Manufacturer: Cooler Master
UK price (as reviewed): MSRP £59.99 (inc. VAT)
US price (as reviewed): MSRP TBC
Made mostly of steel but coming with a tempered glass side panel and plastic front panel, the MasterBox NR400 has build quality that befits its price. By this we mean that the steel is thinner than you’d get on more premium cases, and the sub-6kg weight is testament to this (as well as its size) as well. Thankfully Cooler Master hasn’t gone too far south here, as panel alignment and structural integrity are fine.
The front panel is a strong indication that Cooler Master is taking its ‘high-airflow’ marketing seriously, as it is fully ventilated from top to bottom thanks to a single layer of mesh that’s fine enough to double up as a dust filter. It pulls off quickly and easily with a tug from beneath, so you can clean it and replace it without fuss. This will also allow you to access the fan mounts and optical drive mount, the cover for which simply pops out of the main front panel.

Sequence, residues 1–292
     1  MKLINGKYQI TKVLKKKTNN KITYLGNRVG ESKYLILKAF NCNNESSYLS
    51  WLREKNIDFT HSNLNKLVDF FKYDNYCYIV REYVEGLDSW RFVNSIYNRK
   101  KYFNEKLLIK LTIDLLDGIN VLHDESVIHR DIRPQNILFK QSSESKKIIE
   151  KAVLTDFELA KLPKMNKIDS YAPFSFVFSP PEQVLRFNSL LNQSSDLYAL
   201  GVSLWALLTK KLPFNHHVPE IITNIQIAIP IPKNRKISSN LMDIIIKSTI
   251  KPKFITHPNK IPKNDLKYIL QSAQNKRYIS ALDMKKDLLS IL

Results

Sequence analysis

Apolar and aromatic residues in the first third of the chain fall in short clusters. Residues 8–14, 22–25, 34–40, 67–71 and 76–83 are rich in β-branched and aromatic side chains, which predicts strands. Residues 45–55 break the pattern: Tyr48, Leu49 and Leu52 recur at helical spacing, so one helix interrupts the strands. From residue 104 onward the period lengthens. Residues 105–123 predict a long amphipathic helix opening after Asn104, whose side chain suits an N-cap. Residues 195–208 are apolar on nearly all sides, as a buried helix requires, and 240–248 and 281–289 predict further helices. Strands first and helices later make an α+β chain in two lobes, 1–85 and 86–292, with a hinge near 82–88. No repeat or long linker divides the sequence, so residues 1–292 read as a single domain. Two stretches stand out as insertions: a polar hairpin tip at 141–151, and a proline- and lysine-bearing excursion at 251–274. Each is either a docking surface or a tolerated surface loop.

Up front you have a single 120mm intake fan, and the position chosen is optimal for GPU cooling. It’s complemented by a rear 120mm exhaust, so airflow should be nicely balanced. There’s also room for dual 140mm or 120mm fans in the roof, which is again heavily ventilated, and up to two 140mm or three 120mm fans in the front. Note that on our ODD version of the chassis, default fan support is one in the roof and two in the front, but removing the optical drive tray will bring fan support up to the level of the non-ODD version if you later decide to expand cooling and do away with the ODD.
We can overlook the absence of USB 3.1 Type-C on the front I/O on a £60 chassis, with Cooler Master instead opting for power and reset buttons plus dual USB 3.0 Type-A ports and a single four-pole (TRRS) audio jack with stereo headphone/microphone functions combined.
Initially we were perplexed to see the roof devoid of a dust filter, but we found it stuck to the inside of the right steel side panel. It’s flexible and magnetic and slots neatly into place, so thumbs up there, but the thin filter on the bottom guarding the PSU is too flimsy even for this price level, and it’s a pain to work with as well. One small saving grace on the underside is that Cooler Master is using rubber-tipped feet rather than the foam (or nothing) that’s often found on cheaper chassis.
October 14 2019 | 14:00